Victorian ‘Confessions’: memes without blogs

LJ memes, I discovered today, have a pen-and-paper forerunner from the 19th century. ‘Confessions’ were series of meme-like questions (‘your favourite book?’, ‘your greatest regret?’) — often in book form, so you could inflict the questionnaire on multiple friends and collate the answers.

Sadly, the only online traces I can find are from when Famous People got involved. Marx’s daughters liked them, so we have a set of answers from daddy, and another from an impressively bad-tempered Engels. Vanity Fair doggedly maintains one once answered by Proust, and Mark Twain* was typically caustic about a printed variation on the theme.

All those examples are fairly dull, to be honest. But there must be thousands more buried in obscure archives, and among them presumably some with interesting questions and/or answers. It’d be a nice small project for somebody to dig a few out, transcribe them, and reanimate them for the web. Think of it as the meme equivalent of Jurassic Park.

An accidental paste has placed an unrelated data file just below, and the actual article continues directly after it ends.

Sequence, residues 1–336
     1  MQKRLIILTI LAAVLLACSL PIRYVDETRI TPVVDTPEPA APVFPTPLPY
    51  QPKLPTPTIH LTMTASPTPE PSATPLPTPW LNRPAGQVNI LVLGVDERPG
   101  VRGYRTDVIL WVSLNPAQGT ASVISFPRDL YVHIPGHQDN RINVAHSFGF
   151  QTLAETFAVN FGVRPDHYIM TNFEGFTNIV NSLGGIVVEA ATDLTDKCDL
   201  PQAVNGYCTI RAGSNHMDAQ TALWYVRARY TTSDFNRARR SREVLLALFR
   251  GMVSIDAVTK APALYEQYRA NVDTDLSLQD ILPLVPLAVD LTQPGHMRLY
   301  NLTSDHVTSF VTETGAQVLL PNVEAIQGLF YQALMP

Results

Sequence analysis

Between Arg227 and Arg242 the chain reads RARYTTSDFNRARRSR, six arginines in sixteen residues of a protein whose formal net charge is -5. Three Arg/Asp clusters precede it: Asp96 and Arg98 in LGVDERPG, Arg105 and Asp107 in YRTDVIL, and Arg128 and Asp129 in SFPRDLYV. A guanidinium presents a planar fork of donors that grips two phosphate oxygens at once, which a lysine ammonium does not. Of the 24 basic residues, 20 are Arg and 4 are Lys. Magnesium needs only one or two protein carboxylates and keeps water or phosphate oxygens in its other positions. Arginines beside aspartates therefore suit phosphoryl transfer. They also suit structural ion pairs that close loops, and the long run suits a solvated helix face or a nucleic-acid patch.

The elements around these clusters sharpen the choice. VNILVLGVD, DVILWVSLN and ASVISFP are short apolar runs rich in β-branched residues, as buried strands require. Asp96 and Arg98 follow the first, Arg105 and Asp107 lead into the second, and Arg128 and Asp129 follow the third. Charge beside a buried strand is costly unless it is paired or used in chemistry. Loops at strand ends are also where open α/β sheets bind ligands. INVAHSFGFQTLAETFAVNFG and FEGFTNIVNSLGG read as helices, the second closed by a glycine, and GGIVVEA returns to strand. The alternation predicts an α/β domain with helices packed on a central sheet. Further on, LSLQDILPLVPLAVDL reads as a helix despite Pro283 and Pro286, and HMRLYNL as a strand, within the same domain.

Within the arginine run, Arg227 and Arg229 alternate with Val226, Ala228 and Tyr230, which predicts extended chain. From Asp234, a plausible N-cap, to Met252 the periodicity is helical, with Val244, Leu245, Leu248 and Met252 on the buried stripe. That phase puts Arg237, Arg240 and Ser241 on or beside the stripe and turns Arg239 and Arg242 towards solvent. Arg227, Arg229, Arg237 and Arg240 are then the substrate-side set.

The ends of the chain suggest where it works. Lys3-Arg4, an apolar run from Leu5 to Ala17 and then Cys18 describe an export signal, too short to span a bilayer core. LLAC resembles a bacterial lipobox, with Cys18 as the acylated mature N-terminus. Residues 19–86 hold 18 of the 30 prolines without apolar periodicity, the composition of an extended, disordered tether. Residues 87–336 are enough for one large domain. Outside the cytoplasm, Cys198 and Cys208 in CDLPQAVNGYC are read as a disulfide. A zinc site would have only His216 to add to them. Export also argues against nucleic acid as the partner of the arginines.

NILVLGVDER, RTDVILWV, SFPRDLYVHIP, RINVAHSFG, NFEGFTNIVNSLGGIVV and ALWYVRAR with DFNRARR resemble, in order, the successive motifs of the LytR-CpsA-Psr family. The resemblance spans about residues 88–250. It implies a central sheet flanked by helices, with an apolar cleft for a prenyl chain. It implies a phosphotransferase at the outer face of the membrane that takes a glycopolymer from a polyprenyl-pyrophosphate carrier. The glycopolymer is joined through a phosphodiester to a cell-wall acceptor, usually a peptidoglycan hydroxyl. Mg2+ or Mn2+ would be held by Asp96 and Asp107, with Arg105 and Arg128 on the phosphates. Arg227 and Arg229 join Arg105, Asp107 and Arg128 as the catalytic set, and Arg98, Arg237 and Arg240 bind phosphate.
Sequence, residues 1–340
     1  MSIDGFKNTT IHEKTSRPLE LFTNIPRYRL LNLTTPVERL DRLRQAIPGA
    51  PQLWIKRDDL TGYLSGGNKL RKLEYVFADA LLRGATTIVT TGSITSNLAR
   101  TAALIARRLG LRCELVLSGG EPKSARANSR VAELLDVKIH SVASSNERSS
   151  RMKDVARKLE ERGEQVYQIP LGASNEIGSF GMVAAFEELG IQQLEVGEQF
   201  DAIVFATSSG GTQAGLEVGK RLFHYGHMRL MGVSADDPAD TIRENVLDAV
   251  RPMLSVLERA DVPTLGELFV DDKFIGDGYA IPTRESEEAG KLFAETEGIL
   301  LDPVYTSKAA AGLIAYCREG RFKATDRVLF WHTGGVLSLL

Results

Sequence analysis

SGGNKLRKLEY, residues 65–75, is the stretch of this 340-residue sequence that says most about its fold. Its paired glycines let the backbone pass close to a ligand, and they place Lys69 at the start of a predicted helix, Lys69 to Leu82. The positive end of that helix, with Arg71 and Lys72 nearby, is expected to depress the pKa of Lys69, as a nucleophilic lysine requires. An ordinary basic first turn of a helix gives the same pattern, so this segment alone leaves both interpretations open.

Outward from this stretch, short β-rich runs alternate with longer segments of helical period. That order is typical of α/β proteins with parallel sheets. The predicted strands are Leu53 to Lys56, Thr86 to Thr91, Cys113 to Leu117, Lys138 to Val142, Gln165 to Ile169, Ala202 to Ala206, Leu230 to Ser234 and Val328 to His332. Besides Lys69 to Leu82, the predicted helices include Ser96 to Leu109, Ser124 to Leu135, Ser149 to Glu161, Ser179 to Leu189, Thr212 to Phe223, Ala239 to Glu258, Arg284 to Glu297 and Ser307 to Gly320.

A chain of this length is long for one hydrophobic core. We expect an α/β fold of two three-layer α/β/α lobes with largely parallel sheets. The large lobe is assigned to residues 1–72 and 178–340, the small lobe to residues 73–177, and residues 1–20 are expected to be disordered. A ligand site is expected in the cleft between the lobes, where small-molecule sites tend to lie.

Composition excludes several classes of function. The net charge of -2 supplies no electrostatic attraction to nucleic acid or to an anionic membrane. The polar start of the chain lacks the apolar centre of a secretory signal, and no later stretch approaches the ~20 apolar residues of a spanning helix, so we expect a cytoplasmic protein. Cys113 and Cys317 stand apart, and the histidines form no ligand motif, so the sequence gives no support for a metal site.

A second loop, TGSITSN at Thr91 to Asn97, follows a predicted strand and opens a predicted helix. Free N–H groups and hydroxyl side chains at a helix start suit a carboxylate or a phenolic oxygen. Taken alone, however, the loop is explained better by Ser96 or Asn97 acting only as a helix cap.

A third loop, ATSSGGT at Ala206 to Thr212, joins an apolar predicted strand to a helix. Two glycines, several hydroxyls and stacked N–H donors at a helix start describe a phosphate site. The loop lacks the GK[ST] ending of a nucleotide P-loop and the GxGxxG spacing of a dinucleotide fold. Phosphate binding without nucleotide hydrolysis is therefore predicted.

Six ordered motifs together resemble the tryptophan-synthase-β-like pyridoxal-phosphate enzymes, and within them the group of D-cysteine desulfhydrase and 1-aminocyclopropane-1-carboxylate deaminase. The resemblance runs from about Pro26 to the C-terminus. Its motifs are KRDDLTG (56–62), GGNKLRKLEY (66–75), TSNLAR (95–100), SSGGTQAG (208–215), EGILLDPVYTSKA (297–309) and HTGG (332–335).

Also: ‘asking friends a list of questions’ is the kind of fad that must have been tried in lots of different contexts. What other forms did it take, in other times and places?

* Mark Twain:

Nothing could induce me to fill those blanks but the asseveration of my pastor that it will benefit my race by enabling young people to see what I am, and giving them an opportunity to become like somebody else. This overcomes my scruples. I hâve but little character, but what I hâve I am willing to part with for the public good.

[further teleological Victoriana: readthroughs, wargames]

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